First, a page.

Universal and Local COVID-19 Safety Protocols/Tips

Universal+and+Local+COVID-19+Safety+Protocols%2FTips

Matilda McLaren, News Editor

By now, the global coronavirus pandemic has definitely made itself known by the world. The wrath it has placed on society includes countless casualties, economic troubles, unemployment, and much more. The virus spreads rapidly and easily. The primary way in which coronavirus can be transmitted is through fomites (a medical term for infected droplets that exit people’s noses and throats when they sneeze or cough). Therefore, it is spread through close contact to sick persons. 

 

            The United States is currently exceeding all other countries in regards to coronavirus related cases at nearly 6,000,000 according to the CDC (Center for Disease Control). Reported data from the Dupage County Health Department states that Dupage county comprises 14,459 of the total 6,000,000 cases.

 

During this widespread pandemic and general sense of panic within the climate of our country, it is integral to place importance on the safety of ourselves and our own communities. This includes knowing and implementing safety measures with certain strictness. 

 

When speaking in regards to local measures, provided below are some predetermined regulations created by the Glenbard 87 district (in alignment with state guidance and CDC) if/when schooling is inevitably redirected to in-person instruction. As of August 31st via Principal Sandra Coughlin of Glenbard South, this discussion will be reevaluated at the later date of October 13th. Additional protocols exist for anyone entering the school or participating in activities on-campus.

 

The moment any staff, students, or general visitors (without exemption) chooses to enter the threshold of the building the district must perform a habitual temperature and symptom screening test. Anyone who has a temperature greater than 100.4 F or any of the symptoms indicating custody of the virus will be advised to either leave such premises (this is specifically in regards to students during a school day) or escorted to a private room.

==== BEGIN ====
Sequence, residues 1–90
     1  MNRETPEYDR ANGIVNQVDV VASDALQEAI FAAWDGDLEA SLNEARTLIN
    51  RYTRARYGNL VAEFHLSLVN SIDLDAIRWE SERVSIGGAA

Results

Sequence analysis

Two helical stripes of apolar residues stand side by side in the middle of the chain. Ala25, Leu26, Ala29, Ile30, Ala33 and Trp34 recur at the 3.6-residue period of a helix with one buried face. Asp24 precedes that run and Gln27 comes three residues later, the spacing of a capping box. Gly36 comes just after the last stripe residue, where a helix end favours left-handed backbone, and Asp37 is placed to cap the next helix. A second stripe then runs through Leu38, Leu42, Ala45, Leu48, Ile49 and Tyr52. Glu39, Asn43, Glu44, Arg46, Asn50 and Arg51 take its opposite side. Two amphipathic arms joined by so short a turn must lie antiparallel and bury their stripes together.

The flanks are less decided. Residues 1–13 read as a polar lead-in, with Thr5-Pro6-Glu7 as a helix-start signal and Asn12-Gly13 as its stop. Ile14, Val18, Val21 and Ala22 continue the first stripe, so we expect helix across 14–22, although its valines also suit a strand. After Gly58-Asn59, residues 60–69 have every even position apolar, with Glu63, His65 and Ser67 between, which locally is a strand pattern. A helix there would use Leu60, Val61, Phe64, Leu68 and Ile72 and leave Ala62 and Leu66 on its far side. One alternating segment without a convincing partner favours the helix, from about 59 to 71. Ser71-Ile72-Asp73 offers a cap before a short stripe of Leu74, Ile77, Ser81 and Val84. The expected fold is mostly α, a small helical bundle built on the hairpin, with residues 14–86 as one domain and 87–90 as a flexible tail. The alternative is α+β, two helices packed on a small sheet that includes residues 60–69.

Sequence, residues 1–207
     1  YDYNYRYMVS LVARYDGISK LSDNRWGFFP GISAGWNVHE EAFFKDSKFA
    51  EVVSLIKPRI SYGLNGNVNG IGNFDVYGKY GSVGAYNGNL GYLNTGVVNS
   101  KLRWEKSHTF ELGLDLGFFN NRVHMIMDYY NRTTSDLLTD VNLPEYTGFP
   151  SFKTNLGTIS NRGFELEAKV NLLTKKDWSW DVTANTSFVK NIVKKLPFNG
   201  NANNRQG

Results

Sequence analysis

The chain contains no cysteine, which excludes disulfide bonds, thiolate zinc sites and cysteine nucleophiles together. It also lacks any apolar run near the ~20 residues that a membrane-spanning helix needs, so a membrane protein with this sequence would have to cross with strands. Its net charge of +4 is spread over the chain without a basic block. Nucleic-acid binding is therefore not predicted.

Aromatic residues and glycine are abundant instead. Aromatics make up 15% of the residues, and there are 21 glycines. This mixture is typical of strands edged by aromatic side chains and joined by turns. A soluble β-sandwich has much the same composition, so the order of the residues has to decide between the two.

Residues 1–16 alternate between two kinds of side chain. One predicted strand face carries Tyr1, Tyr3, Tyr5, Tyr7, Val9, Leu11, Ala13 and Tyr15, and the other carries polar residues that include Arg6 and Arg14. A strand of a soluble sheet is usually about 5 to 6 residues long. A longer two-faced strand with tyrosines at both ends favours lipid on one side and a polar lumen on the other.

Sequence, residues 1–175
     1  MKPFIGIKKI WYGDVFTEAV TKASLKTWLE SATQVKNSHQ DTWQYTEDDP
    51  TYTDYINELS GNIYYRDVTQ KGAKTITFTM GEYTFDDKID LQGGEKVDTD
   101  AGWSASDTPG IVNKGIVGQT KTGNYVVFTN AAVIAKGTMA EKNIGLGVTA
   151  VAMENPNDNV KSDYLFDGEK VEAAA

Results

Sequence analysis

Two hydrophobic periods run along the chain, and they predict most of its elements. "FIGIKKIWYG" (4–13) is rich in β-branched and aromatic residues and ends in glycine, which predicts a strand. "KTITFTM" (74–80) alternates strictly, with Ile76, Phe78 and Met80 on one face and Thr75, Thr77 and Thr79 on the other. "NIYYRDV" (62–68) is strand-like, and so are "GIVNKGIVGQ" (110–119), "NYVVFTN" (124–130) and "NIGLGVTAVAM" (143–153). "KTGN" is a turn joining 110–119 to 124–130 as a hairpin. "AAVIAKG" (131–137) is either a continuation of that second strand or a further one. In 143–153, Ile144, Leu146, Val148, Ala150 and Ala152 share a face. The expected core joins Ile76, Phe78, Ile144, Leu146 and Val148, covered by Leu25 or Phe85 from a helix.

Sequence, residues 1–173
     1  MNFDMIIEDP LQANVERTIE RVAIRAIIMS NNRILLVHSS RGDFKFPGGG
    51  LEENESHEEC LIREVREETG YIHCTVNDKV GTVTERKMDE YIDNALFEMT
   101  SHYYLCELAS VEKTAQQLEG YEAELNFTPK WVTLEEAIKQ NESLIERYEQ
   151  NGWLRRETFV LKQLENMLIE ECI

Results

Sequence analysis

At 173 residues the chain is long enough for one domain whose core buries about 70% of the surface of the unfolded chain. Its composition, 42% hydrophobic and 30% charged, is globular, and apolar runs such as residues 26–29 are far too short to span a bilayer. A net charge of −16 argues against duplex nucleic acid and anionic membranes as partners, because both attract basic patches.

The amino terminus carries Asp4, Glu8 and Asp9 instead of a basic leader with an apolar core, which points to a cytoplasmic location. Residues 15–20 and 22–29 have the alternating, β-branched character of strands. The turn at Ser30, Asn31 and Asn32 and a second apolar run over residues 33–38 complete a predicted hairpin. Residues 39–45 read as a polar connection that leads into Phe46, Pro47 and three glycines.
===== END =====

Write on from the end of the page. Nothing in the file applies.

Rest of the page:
In addition to thermal scanners, the district will also institute ways to disinfect the building. According to Taff Nielsen, vice principal of GBS, “Deep clean Wednesdays are an in depth sterilization of the building” which will be held customarily each week to help eradicate traces of the virus and keep everything remaining clean. In between class periods “teachers will sterilize desks” and Nielson notes, “additional maintenance comes at the end of the school day.” 

 

As was previously touched upon by Mr. Nielsen, via recommendation of the CDC and IDPH, highly frequented and germ conducive surfaces will be disinfected daily. These include door handles, knobs, light switches, sinks and faucets, buses, and computer keyboards. Other examples and all relative information can be found on the Restore Illinois Phase 4 School Day Plan document on the Glenbard South home website. 

 

In the instance of in person learning, all individuals within the premises of the school building or bus vehicle are required to wear a mask at all times which conceals both mouth and nose while still maintaining social distancing. 

 

On a bus vehicle, no more than 50 students should occupy the space at one time. All should similarly employ a face mask during the entirety of the ride.

 

In the hallways “one way traffic patterns” have been instituted and “decals with arrows encourage social distancing”, Nielsen points out. Limiting the amount of student traffic guarantees more student safety. 

 

After reviewing the formulated guidelines, provided are a few ways families can remain safe and follow proper hygienic etiquette during this time at home. This is in regards to both students in the midst of virtual learning and all others either staying at home or safely entering outside activities. 

 

Particulars from a Dupage Health Organization graphic organizer can be found on the COVID-19 Updates section of the school website. These tips discourage close proximity with people who are sick or who even portray an inability to perform basic tasks due to the appearance of covid-related symptoms. They also advise avoiding contact with eyes, nose and mouth.

 

Try to cover coughs and sneezes whenever possible and immediately after discard used tissue. When sick, remain at home except to receive medical care. Make sure to wash hands and wrists routinely and with care for at least 20 seconds. 

 

To see a visual representation of proper hand-washing rules and a step-by-step order view the graphic to the right.

 

Commonly overused coronavirus safety related tips for students and families, however heavily discussed, still remain the most fundamental and useful pandemic reminders. “Having kids in highschool,” relates Nielsen, “they still remain social relationships” despite the troubling times that might hinder the regularity and quality of such encounters.

 

During such circumstances it is important to “always have a mask in your back pocket, and even when outside practice social distancing” Nielsen finishes.